What Do YOU Want This Year?

by Alia Akkam

Ah, the dawn of a fresh new year. It holds so much promise and possibility (at least for those first few pristine weeks before old, comfy habits take root once again), but in this fast-changing industry, change is inevitable; we don’t need a new calendar on the wall to get us motivated. Instead of predicting we’ll drink more mezcal cocktails in 2012, or stop opening joints with pressed tin ceilings, we went straight to you, trendsetting mixology folk, to discover what exactly would make your New Year—at least at the bar—rock. Ambitious? Yes. Realistic? Perhaps (If it’s the right combination of energy, education, and dollars of course.). In the meantime, share your own 2012 wish for the industry below. Happy New Year!

“Maybe it sounds a little funny, but I’m wishing for a year of better home cocktail making. So maybe people are great cooks—they can sear, braise, bake, and even make a little fresh pasta from time to time. It should no longer be a mystery how one stirs, shakes, or blends a legit drink in the home. It’s an American art form, but it's really not so difficult to make the cocktail as it were. That's my wish for my fellow man in 2012.”—Jackson Cannon, Eastern Standard, Island Creek Oyster Bar, and The Hawthorne, Boston

"I would love to see Baltimore on the national cocktail map. More spots with quality cocktails are popping up all the time. We, the bar professionals of Baltimore, have created a bartenders’ guild, cocktail pop-ups are happening regularly, and there is a general buzz happening among the cocktail savvy guests of our great city. This is just the beginning."—Brendan Dorr, B&O American Brasserie, Baltimore

“I wish for better cocktail and wine options in Connecticut (where I go visit my parents), and also for people to get over thinking that drinking and dieting go together. Personal plan in 2012: drink more bubbles. And when I'm not drinking bubbles, drink Islay scotch.”—Meaghan Dorman, Lantern’s Keep and Raines Law Room, NYC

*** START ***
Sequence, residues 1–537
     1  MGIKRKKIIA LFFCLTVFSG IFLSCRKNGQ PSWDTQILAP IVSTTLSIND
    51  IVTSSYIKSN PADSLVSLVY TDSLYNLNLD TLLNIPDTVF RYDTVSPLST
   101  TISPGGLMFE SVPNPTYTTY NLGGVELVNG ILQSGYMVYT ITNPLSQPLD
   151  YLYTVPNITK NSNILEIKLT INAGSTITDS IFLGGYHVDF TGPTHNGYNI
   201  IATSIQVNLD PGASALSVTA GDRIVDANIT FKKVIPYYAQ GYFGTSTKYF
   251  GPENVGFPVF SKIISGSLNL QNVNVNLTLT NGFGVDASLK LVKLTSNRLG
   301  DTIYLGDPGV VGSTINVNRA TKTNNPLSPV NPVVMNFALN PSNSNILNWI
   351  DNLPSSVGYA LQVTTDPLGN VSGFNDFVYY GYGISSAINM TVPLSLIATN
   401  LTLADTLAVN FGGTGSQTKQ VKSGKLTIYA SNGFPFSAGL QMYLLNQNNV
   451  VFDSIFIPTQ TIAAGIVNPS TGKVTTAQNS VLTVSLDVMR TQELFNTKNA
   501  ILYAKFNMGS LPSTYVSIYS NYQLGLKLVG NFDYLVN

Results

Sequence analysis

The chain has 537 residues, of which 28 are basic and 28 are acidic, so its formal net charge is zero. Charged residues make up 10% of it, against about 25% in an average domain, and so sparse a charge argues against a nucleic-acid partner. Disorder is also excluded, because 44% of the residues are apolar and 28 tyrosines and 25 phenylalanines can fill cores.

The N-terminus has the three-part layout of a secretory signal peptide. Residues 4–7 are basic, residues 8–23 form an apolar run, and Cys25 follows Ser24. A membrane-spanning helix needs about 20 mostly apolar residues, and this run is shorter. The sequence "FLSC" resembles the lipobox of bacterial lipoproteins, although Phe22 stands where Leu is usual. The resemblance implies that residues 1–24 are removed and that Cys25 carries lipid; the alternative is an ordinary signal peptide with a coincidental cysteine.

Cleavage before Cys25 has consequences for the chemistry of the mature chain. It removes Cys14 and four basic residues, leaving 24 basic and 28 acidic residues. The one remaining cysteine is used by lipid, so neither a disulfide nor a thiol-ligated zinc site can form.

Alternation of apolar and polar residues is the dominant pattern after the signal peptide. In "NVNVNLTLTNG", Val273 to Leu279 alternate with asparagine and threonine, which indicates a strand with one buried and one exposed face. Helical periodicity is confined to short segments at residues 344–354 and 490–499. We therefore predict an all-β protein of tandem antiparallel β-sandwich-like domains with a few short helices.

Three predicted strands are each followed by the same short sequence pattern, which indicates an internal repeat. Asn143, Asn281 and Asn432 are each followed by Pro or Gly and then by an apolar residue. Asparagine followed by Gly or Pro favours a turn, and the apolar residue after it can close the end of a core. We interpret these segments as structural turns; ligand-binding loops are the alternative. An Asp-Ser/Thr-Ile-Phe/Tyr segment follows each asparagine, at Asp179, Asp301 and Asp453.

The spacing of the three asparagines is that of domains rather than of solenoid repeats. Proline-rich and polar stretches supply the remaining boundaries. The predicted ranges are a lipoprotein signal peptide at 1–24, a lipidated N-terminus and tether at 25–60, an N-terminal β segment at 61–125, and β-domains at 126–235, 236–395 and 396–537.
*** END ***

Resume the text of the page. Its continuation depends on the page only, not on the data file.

“So because of my the-universe-has-a-wacky-sense-of-humor ridiculously low tolerance for boozing it up (which I believe is well-documented by this point), I'm going to dedicate my wish towards more aperitivo-style, low-alcohol cocktails. I'm tired of being asked if I would like a white wine spritzer whenever I make this inquiry. No, I would not like a glass of water with a splash of Sauv Blanc, thank you very much; I would like a LOW ALCOHOL COCKTAIL that actually tastes like a fricking cocktail. I'm a lover of all things bitter and Italian, so this shouldn't be terribly hard. The Americano is a classic, but I'm also getting tired of receiving an espresso drink whenever I try to order this at a less cocktail-driven establishment and then forget to clarify my order.  So come on, bars of New York: give us lightweights something we can savor!”—Lesley Townsend, Manhattan Cocktail Classic

“Miami to get a venue equivalent or better to the magic that was The Florida Room.”—Effie Panagopoulos, Disaronno